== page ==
Continuing the good-news theme of recent LOTRW posts, the flight safety story lit up yesterday’s internet. This report, from Fortune’s website, gives the flavor: Airlines recorded zero accident deaths in commercial passenger jets last year, according to a Dutch consulting firm and an aviation safety group that tracks crashes, making 2017 the safest year on record for commercial air travel.
Dutch aviation consulting firm To70 and the Aviation Safety Network both reported Monday there were no commercial passenger jet fatalities in 2017. “2017 was the safest year for aviation ever,” said Adrian Young of To70.
To70 estimated that the fatal accident rate for large commercial passenger flights is 0.06 per million flights, or one fatal accident for every 16 million flights.
The Aviation Safety Network also reported there were no commercial passenger jet deaths in 2017, but 10 fatal airliner accidents resulting in 44 fatalities onboard and 35 persons on the ground, including cargo planes and commercial passenger turbo prop aircraft.
That figure includes 12 people killed on Dec. 31 when a Nature Air Cessna 208B Grand Caravan aircraft crashed minutes after takeoff into a mountainous area off the beach town of Punta Islita, Costa Rica.
In comparison, there were 16 accidents and 303 deaths in 2016 among airliners.
The deadliest incident last year occurred in January when a Turkish cargo jet smashed into a village in Kyrgyzstan as it tried to land at a nearby airport in dense fog, killing 35 on the ground and all four onboard.
The Aviation Safety Network said 2017 was “the safest year ever, both by the number of fatal accidents as well as in terms of fatalities.”
Over the last two decades aviation deaths around the world have been steadily falling. As recently as 2005, there were 1,015 deaths aboard commercial passenger flights worldwide, the Aviation Safety Network said.
Other reports included further background from Mr. Young, along more cautionary lines. This from The Independent:
…“It is unlikely that this historic low will be maintained; in part, these very positive figures rest on good fortune. Nevertheless, the safety level that civil aviation has achieved is remarkable”.
He cautioned: “The risks to civil aviation remain high as shown by the seriousness of some of the non-fatal accidents.” They included, he said, “the spectacular loss of the inlet fan and cowling of an engine on an Air France A380” over Greenland in September.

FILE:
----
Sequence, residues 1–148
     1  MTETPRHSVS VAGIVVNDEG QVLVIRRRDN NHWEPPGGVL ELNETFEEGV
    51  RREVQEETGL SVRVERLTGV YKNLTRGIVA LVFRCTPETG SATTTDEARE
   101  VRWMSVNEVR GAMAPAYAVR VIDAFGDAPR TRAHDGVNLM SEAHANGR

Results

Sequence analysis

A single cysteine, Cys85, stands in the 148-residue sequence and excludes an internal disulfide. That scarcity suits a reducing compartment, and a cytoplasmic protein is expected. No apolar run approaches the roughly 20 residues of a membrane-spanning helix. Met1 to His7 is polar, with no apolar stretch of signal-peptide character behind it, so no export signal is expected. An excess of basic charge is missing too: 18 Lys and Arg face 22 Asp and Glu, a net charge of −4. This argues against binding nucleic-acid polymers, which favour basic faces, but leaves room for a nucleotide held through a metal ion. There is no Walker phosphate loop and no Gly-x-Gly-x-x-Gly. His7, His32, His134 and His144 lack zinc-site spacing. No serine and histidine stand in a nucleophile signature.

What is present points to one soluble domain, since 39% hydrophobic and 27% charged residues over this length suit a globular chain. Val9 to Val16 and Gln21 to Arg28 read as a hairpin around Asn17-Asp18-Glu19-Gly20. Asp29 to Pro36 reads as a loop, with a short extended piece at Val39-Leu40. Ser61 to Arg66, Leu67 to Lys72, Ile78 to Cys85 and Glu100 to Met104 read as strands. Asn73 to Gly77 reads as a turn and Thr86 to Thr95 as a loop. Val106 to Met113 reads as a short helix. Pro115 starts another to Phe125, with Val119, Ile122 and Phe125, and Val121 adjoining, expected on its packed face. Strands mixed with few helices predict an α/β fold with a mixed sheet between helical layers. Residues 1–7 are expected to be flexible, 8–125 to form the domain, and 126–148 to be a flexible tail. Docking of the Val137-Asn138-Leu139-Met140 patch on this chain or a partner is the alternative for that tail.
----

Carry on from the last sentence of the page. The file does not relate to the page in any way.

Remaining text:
“That the aeroplane continued to operate safely to a diversion airport and was then flown home for repair on three engines says a lot about the robustness of the aeroplane.”
The report warns that electronic devices in checked-in bags pose a growing potential danger: “The increasing use of lithium-ion batteries in electronics creates a fire risk on board aeroplanes as such batteries are difficult to extinguish if they catch fire.
“Airlines worldwide are training their crews to fight any fires in the cabin; the challenge is keeping such batteries out of passenger luggage.”
As noted before in LOTRW (most recently here) this aviation mindset – continuing vigilance, constantly learning from experience, laser-focused on relentless reduction of all causes and forms of risk, never yielding to complacency, is responsible for the result.
The key starting point? Shoulder responsibility for accidents – even (especially!) those that might be shrugged off as “natural” or “acts of God” (aircraft icing, hail, turbulence, downbursts, etc.). Identify and articulate the business case: “people will fly only if they know it’s safe.” For half a century, all parties – the airframe manufacturers, airlines, the FAA and others not just in the United States but worldwide – have bought in. Yesterday’s good news is the end result.
A closing reflection:
The world doesn’t enjoy similar good news when it comes to so-called “natural hazards.” As this past hurricane season has shown, the losses are headed in the opposite direction.
But the good news is we can do better and we know how! The path to better numbers (reduced fatalities, property damage, and business disruption) is roughly the same as for aviation. That includes the same starting point – accepting that “natural hazard losses” in reality reflect societal ways of doing business – and then developing the business case for disaster reduction. As it happens, John Plodinec blogged on this earlier today. Worth pondering.
Building community-level resilience to natural hazards? If you’re reading this blog you’ve likely already been making a direct or indirect contribution over recent years. Give yourself a well-deserved pat on the back! And please incorporate a bit more of the same into your New Year’s resolutions for 2018.